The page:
• More than 75 percent of the roughly 80,000 deployed National Guard elements in March are military personnel that have been transferred (some temporarily and some permanently), with the rest coming from the country’s now-dissolved federal police force.

Before taking office, Lopez Obrador was opposed to using the military for public safety, but has since had to fall back on the same strategy used by his predecessor.   

  • Recent constitutional and legal reforms (including the legislation that established the National Guard in 2019) provided the legal framework for the deployment of armed forces in public safety tasks, and has since fueled ample debate among legal scholars over their proper implementation.
  • Lopez Obrador has been relying on the armed forces to take charge of duties completely unrelated to public and national security, including the construction of Mexico City’s new international airport and diverse infrastructure projects. 
  • In doing so, his administration has continued a decades-long trend of the Mexican government using the army to fight against cartels and organized crime in the country, which has significantly intensified since 2006. 

The Mexican government’s new decree lacks specificity about the chain of command, coordination mechanisms and size of the force, which will create operational confusion and subordinate the National Guard to military command in practice. 

  • The decree reiterates the 2019 legal framework, which establishes that any military member performing public safety duties is subordinate to the command of the National Guard.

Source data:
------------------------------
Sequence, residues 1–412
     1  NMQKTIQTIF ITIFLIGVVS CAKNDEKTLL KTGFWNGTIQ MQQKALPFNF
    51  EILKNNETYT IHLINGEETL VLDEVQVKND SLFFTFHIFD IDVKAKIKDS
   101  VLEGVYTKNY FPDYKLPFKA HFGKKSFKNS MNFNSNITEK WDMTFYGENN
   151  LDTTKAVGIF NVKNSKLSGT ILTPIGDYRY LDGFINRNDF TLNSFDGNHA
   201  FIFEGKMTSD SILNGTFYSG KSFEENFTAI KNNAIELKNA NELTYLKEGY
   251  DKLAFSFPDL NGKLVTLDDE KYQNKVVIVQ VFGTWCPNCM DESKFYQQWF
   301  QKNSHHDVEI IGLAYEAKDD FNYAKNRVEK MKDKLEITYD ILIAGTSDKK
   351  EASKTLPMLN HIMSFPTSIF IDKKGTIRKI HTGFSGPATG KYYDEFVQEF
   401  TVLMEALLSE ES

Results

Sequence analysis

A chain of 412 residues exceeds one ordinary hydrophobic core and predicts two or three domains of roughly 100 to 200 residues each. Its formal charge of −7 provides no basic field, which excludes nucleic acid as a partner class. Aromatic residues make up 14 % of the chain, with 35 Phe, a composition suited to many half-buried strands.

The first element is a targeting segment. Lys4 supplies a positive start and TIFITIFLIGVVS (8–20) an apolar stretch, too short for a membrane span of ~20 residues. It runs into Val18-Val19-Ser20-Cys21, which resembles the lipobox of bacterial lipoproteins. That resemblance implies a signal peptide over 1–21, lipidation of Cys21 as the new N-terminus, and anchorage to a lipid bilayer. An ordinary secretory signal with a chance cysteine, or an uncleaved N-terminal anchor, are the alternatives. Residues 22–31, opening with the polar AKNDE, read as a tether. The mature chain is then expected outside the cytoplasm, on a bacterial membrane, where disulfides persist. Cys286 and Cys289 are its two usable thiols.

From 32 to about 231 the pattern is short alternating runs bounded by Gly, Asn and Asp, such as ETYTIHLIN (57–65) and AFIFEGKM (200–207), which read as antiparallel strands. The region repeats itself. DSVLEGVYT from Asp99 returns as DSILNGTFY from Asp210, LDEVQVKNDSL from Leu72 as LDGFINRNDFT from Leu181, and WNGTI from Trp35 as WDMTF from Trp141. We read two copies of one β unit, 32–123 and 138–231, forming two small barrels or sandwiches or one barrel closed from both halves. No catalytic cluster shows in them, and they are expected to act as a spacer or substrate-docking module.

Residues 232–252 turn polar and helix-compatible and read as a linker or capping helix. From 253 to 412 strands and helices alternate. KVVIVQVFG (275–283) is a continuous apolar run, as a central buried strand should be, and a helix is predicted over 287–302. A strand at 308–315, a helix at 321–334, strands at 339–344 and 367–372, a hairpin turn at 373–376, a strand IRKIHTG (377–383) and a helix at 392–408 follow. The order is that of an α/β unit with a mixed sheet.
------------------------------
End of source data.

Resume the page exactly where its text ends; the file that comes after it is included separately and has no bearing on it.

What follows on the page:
• But the order also vaguely instructs Mexico’s public safety security to coordinate with his defense and naval counterparts to define their participation.
  • The decree does not establish how many elements of Mexico’s military will be tasked with public safety duties, or how they will interact with current National Guard elements.
  • Civil society and human rights organizations have voiced concern over the lack of specifics and clarity about duties and chain of command. These groups have also argued the decree is a de facto "militarization" of public safety, given that the commander of the National Guard is a retired army general, and that almost two-thirds of the current National Guard force are actually military personnel. 

The lack of a clear roadmap for how to accelerate the implementation and consolidation of the National Guard in the next five years, or a plan to reform and strengthen Mexico’s state and municipal police forces, will only perpetuate the country’s chronic security problems.  

  • For decades, it has been widely documented that Mexico’s municipal and state police forces are the weakest link when drug cartels and other criminal organizations seek to corrupt and infiltrate. But they are also the most vulnerable to their attacks: In the first four months of 2020, 185 state and municipal police agents were murdered across the country — a 44 percent increase over the same period in 2019. 
  • Without reliable state and municipal police forces that can prevent and investigate crimes effectively, the country’s armed forces will remain focused on putting out fires instead of addressing the underlying drivers of Mexico’s security issues.